Richard Peach, senior vice president in the Macroeconomic and Monetary Studies Function of the Federal Reserve Bank of New York, delivered a stimulating lecture on economic policy to hundreds of engaged students in SUNY Cortland’s Function Room in Corey Union Monday afternoon.
The event was formerly scheduled for Corey Union’s Exhibition Lounge, but after the widespread power outage across Cortland County Monday morning, the lecture was moved to the sunlit Function Room in Corey Union.
Peach’s major function for the Federal Reserve Bank of New York is developing a forecast for the U.S. economy. Peach opened his remarks by razzing how today’s power outage drew a striking parallel to the challenges of being an economist, in that, to a certain degree, their projections are speculative due to the cyclical complexities of economic conditions.
“It’s unfortunate that we’re in the dark, but economists are always in the dark,” Peach quipped to a chucklesome crowd.
Peach briefly detailed the origins and history of the Federal Reserve, the central bank of the United States, noting there are twelve Federal Reserve Districts across the country—selected as major centers of commerce at the time of establishment—with the Federal Reserve Board of Governors in Washington, D.C.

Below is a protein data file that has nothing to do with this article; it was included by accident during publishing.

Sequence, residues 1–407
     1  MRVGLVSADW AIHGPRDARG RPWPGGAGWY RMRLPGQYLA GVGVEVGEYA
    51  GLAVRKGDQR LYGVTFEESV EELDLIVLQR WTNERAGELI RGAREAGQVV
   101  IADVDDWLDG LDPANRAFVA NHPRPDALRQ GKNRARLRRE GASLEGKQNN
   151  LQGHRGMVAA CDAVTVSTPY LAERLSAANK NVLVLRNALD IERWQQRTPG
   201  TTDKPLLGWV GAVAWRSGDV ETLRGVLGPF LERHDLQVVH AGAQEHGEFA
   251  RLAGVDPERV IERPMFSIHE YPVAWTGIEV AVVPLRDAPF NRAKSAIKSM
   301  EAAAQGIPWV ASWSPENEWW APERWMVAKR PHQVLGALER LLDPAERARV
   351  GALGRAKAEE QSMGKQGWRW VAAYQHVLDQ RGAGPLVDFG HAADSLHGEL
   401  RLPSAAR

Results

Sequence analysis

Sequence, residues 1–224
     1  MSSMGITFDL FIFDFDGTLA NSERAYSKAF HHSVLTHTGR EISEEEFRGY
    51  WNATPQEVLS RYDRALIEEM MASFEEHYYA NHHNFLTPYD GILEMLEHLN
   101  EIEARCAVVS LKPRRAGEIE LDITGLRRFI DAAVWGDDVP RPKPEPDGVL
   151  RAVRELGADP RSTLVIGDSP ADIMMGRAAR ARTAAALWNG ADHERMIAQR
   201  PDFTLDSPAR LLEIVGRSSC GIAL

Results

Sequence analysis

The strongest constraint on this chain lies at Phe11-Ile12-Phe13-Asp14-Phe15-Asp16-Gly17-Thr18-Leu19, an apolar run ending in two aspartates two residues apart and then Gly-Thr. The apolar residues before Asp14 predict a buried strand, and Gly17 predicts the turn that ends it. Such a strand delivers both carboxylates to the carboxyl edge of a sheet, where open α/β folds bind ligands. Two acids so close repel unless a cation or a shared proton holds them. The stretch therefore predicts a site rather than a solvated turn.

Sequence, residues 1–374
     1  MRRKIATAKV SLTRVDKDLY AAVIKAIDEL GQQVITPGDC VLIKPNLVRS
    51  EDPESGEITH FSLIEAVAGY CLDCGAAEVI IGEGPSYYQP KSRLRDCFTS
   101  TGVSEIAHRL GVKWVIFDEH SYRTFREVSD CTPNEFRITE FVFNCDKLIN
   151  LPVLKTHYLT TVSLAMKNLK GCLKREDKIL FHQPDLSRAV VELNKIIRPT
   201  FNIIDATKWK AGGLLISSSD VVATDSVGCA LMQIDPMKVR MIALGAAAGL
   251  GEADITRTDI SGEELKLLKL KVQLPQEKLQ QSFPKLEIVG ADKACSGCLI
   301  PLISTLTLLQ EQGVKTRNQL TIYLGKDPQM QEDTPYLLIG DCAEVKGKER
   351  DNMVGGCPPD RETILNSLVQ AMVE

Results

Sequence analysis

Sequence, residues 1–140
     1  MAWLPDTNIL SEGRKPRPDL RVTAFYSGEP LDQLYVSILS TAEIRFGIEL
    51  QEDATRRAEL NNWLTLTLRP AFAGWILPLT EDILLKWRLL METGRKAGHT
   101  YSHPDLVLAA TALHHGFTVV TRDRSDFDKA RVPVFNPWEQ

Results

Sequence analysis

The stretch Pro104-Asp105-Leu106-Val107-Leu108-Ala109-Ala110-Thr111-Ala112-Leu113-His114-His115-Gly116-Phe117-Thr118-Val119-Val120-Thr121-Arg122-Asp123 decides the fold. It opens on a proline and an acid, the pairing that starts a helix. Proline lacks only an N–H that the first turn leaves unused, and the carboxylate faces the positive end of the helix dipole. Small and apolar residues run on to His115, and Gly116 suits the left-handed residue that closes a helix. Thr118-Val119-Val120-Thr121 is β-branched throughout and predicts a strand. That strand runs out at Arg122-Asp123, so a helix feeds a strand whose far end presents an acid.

Peach asserted the Federal Reserve was bore of a need for financial liquidity, rejecting the precursor financial product on Wall Street called “trusts,” whose overall value in the stock market proved to be depressive in nature.
“Someone had to step in to provide liquidity,but there wasn’t a central bank,” Peach said. “That’s when J.P. Morgan stepped in, and he provided the liquidity.”
Peach made it clear that the Federal Reserve is a system of private banks and not government-owned institutions, giving it a “unique” status.
“What a lot of people don’t understand is, is that these regional banks—these twelve regional banks—are privately owned corporations,” Peach said. “I work for the Federal Reserve Bank of New York. I am not a government employee.”
Peach discussed everything from recessions and depressions, inflation and interest rates, all the way to the somewhat murky nature of supply and demand.
The three primary components of the Federal Reserve System are Federal Reserve Banks, the Federal Reserve Board of Governors, and the Federal Open Market Committee (FOMC). The major functions of the Federal Reserve are: conducting the nation’s monetary policy, including employment, prices, and interest rates; minimizing and containing systemic risks in the U.S. and abroad; monitoring the impact of individual financial institutions; payment and settlement safety of U.S.-dollar transactions; and consumer protection and community development.